Steam had some serious security issues on Christmas Day last week, as the store ended up having to be taken down for a while. An issue had sprung up that was allowing users to view accounts that were not their own, with the ability to see some personal information of the other user. The digital distribution service went back up later in the day with Valve claiming that “no unauthorized actions” had occurred. Still, we’ve been waiting for an official statement on the event.
Today in a new post on the news channel of the Steam Store, the company released an official statement about what happened last week. Apparently on December 25, Steam was the target of a DoS(Denial of Service) attack, that helped to increase Steam traffic by 2000 percent of what it normally is during the Steam sale. Caching rules managed by a web caching partner were deployed at this point to minimize the impact on the store as well as continue to route legitimate user traffic.
During the second wave of the DoS attack an incorrect caching configuration was deployed resulting in some users seeing Steam Store responses that were generated by other users. The responses varied from seeing the store in the wrong language, to being able to see the account page of other users. The store was brought down at this point to launch a new caching configuration and purge the others. Valve says that almost 34K users were affected in some way.
The information available depending on requests could vary but some potential information seen was, Steam user’s billing address, the last four digits of their Steam Guard phone number, purchase history, the last two digits of their credit card number and/or email address. It seems that this information was not viewable however if you didn’t browse a Steam Store page with your personal information in the time frame.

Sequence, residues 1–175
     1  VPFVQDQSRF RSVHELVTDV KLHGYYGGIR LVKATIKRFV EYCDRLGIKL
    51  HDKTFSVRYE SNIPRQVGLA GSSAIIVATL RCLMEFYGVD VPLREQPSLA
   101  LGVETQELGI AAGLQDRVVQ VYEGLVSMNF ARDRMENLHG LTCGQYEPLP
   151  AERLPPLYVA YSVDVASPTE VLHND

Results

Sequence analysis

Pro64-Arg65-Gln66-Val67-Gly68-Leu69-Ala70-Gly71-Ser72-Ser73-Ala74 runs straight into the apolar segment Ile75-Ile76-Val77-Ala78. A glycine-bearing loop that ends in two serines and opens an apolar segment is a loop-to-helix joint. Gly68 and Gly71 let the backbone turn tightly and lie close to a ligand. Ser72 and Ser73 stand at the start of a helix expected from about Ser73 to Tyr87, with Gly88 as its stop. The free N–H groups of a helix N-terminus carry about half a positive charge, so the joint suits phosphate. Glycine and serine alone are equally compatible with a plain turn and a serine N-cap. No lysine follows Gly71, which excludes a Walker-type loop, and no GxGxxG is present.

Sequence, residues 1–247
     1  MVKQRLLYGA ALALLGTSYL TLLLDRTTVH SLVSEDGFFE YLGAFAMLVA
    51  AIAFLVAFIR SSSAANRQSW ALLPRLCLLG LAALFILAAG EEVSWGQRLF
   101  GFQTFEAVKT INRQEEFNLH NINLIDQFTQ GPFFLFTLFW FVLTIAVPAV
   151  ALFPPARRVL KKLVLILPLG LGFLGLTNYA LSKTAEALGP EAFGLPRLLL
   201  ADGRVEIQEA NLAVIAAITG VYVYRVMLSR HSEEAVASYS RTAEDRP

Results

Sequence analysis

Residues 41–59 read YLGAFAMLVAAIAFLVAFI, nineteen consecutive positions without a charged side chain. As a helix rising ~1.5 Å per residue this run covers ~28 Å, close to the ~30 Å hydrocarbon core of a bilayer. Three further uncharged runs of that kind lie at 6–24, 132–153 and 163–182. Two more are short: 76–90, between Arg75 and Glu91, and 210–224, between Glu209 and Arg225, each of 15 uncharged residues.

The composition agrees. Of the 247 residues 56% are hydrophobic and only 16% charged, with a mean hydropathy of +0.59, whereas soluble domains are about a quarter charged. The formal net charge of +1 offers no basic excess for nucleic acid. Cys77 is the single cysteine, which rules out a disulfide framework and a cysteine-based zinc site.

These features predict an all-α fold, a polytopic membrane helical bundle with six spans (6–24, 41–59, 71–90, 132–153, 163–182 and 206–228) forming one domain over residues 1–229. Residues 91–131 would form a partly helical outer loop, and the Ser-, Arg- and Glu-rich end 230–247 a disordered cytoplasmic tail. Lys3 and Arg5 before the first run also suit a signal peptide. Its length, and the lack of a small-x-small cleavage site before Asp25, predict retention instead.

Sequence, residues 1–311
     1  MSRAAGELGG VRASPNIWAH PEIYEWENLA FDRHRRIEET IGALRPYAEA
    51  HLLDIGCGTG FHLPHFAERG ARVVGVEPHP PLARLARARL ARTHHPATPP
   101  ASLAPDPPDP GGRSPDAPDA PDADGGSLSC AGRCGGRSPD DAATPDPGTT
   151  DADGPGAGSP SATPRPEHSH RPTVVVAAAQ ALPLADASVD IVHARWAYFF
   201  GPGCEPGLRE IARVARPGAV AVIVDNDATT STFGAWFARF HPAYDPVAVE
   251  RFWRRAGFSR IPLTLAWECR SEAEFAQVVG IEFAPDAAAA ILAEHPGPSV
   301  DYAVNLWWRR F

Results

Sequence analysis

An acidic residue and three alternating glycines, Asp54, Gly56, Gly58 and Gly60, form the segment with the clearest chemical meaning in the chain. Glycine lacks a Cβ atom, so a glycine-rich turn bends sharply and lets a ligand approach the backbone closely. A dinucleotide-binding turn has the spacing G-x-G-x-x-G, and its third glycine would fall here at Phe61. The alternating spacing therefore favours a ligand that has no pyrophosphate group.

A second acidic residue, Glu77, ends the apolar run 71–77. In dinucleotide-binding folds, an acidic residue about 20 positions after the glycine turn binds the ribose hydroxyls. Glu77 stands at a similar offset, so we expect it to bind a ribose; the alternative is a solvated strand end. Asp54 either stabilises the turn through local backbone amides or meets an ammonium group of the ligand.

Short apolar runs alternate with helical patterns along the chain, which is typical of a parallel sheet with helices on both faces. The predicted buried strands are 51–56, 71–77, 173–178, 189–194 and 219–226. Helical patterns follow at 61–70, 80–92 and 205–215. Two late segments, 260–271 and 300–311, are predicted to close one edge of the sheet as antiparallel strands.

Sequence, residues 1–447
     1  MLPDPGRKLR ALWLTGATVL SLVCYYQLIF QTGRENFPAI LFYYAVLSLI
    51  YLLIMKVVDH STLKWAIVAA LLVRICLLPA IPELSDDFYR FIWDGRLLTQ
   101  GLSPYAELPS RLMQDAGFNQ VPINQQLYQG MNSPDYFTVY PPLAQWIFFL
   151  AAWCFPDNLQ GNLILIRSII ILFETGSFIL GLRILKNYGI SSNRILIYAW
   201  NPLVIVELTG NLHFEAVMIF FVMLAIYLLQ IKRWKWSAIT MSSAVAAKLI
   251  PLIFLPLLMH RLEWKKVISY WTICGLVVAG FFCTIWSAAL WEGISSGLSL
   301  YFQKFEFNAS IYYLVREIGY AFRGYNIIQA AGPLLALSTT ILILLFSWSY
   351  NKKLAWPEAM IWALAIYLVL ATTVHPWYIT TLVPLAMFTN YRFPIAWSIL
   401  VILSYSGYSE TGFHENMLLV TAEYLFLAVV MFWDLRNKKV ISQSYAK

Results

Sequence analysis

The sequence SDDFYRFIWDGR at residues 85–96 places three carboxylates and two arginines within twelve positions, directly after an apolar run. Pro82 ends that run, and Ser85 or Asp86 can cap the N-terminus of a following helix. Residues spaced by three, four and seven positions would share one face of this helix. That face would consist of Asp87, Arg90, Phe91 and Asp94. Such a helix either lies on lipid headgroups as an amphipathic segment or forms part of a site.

The company apologized for the interruption of Steam service and to everyone who’s information might have been seen in any way. They’re taking steps to reach out to affected users as well,
“Valve is currently working with our web caching partner to identify users whose information was served to other users, and will be contacting those affected once they have been identified. As no unauthorized actions were allowed on accounts beyond the viewing of cached page information, no additional action is required by users.”
It’s definitely alarming that something like this happened, but it certainly isn’t the first time an attack has taken down a gaming service. Another attack took the PlayStation Network offline for over a month in 2011. It sounds like the information seen during the Steam attack was limited, and hopefully anyone affected doesn’t have any issues.
What do you think about the entire Steam ordeal? Were you online at the time of the attack? Let us know what you think about it all in the comments down below.